Unfortunately, many old Essential Medicines serve small niche markets, meaning there may only be one or two suppliers at best. Indeed, quite a few are simply never marketed in Canada at all. Of the two Essential Medicines that jointly won their discoverers the Nobel Prize in Medicine in 2015, ivermectin, was only approved in Canada for human use in 2018, decades after the rest of the world; artemisinin remains absent, albeit readily available abroad. Numerous tuberculosis drugs dating back half a century are similarly unavailable.
Or consider the Interagency Emergency Health Kit, compiled by United Nations agencies in collaboration with organizations like Médecins Sans Frontières and the Red Cross, which boils down the WHO’s Essential Medicines list to the most vital handful of drugs in humanitarian emergencies. Of the resulting 14 drugs in the kit, which includes ibuprofen and acetaminophen, only 10 are available in Canada.
It is also worth emphasizing that none of the Essential Medicines referred to in this article is currently under patent; any company could make the drug if it thought it sufficiently lucrative to do so. Thus, it is striking that the boldest step Canada has taken regarding the drug supply in its COVID-19 response is to permit, at least temporarily, compulsory licensing to override patent monopolies in response to public health emergencies.
This shows that the federal government is fully capable of taking action if it desires. Unfortunately, measures targeting the pressing issue of access to old drugs have been more modest. New flexibilities under the Food and Drugs Act are being used to permit importation of Tier 3 drugs from sources that do not otherwise have Health Canada approval. At the same time, the Interim Order on importation is focused explicitly on COVID-19 rather than encompassing all medicines currently found on the Tier 3 list. Only on May 15 was a drug for something other than COVID-19 allowed to be imported – timolol maleate, an Essential Medicine for ophthalmic conditions like glaucoma. Drugs in Tier 3 shortage still not on the import list include ethambutol, which is one of the world’s most important drugs for tuberculosis but has a history of serious shortages in Canada.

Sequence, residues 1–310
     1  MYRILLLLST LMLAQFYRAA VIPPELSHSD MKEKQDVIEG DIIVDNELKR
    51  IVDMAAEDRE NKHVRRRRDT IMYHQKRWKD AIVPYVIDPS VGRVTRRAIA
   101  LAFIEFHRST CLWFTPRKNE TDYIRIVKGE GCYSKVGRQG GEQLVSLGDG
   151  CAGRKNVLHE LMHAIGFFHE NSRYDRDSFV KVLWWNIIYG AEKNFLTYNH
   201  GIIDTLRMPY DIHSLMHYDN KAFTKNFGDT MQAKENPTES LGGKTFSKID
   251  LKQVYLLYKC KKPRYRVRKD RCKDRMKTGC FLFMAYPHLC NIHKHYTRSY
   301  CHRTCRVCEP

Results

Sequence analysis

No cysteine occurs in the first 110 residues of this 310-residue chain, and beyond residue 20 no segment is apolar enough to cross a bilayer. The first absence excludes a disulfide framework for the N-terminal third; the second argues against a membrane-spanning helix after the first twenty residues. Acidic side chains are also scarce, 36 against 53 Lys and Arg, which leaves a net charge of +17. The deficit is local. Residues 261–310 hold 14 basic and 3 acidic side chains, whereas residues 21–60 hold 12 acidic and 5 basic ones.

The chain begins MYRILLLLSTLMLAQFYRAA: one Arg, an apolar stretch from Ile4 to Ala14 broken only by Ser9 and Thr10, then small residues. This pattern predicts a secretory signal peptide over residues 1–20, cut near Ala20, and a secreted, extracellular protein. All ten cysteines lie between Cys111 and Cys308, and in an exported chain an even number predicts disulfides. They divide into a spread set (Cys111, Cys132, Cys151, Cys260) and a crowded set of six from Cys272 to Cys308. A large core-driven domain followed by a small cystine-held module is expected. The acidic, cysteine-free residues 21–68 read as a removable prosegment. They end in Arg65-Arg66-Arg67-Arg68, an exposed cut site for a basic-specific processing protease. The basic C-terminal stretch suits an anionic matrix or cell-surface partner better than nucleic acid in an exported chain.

If COVID-19 is to herald a new normal, Canadian pharmaceutical regulations must be rebooted to emphasize getting effective drugs to the people who need them rather than relying upon the caprices of those offering existing wares based upon what will make them the most money. A systemic solution will require reassessing existing costs and criteria to make it easier for a sufficient number of new sources of old drugs whose utility (and limitations) are well understood, such as those considered Essential Medicines by the WHO, to fill crucial gaps in the market. This might involve stabilizing supply at a sustainable price, something potentially aided by universal pharmacare. And it may also necessitate enacting stricter measures against companies that take inadequate safeguards against shortages or who leave the market without a contingency plan in place to preserve ongoing access.
The good news is that, in mid-May, a company received approval to begin selling atracurium and pancuronium in Canada again; however, it remains unclear when the drugs will actually hit the market or what the pandemic will look like when they do. In any case, they should serve as a reminder that standing by while drugs disappear from the market entirely, only to recognize months or years later that they make up more than 10 per cent of the drugs with “greatest potential impact” on the healthcare system is not a sustainable strategy for Canada, whether or not it is facing a pandemic.